She is likewise proud of her subject’s literary feats, however scanty her treatment of them might be. She is always willing to defend every last claim Surrey has to immortality:

This form [a sonnet with the rhyme scheme ababcdcdefefgg], so suited to English with its comparative scarcity of collective rhyming words, was subsequently adopted by Shakespeare and so masterful was his handling of it that it is often referred to as ‘the Shakespearean sonnet’. But it was the twenty-year-old Surrey’s creation.

But throughout her story stalks a dying king, and it’s one of the ironies of Henry VIII’s Last Victim that Childs keeps a sharper eye on that dangerously volatile figure than the book’s titular subject did. Henry had always been a dangerous ruler – the famous Tudor temper saw to that – and Childs leaves no illusions about how this situation had worsened toward its end:

Like the medlar fruit that he gorged upon at state banquets, Henry seemed only to ripen with his own corruption. As his physical health deteriorated, he evolved into the worst kind of tyrant: paranoid, vindictive, unpredictable and desperate to prove his ‘absolute power and independence of everyone.’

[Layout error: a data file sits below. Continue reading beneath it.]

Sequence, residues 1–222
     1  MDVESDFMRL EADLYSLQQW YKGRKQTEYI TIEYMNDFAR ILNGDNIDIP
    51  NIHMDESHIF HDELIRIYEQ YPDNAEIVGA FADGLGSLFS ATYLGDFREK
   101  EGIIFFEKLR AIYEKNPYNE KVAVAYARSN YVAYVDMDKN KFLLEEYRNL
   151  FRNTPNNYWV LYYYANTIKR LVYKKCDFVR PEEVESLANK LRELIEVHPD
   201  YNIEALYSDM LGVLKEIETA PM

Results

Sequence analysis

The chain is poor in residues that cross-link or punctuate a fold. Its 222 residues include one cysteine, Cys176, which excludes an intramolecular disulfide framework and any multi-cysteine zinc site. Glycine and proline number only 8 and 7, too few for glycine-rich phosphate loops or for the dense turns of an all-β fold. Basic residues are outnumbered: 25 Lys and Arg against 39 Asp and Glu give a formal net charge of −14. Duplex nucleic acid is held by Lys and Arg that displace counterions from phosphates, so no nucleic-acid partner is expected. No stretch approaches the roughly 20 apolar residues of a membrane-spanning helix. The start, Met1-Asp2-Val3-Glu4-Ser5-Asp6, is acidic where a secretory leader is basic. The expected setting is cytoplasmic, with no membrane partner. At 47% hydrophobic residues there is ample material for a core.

She keeps careful watch on this, and all Henry’s biographers need to keep it in mind, but there can be no doubt Surrey himself came to ignore it, with fatal consequences. Childs makes a fine lawyer’s argument asserting, correctly, that displaying the arms of Edward I alongside his own was not technically treason: the display was not a Crown prerogative, and the Howards had always had the right to it. But she’s no fool; she knows as well as anybody (except, alas, Surrey) that an act may be technically right and still disastrously wrong. Deliberately provoking Henry could only have one outcome, and the fact that Surrey did it can have only one possible explanation: he was looking ahead to the council that would govern until Edward came of age (his comments about his father leading that council underscore this), assuming his ailing monarch was no longer an active player in the drama.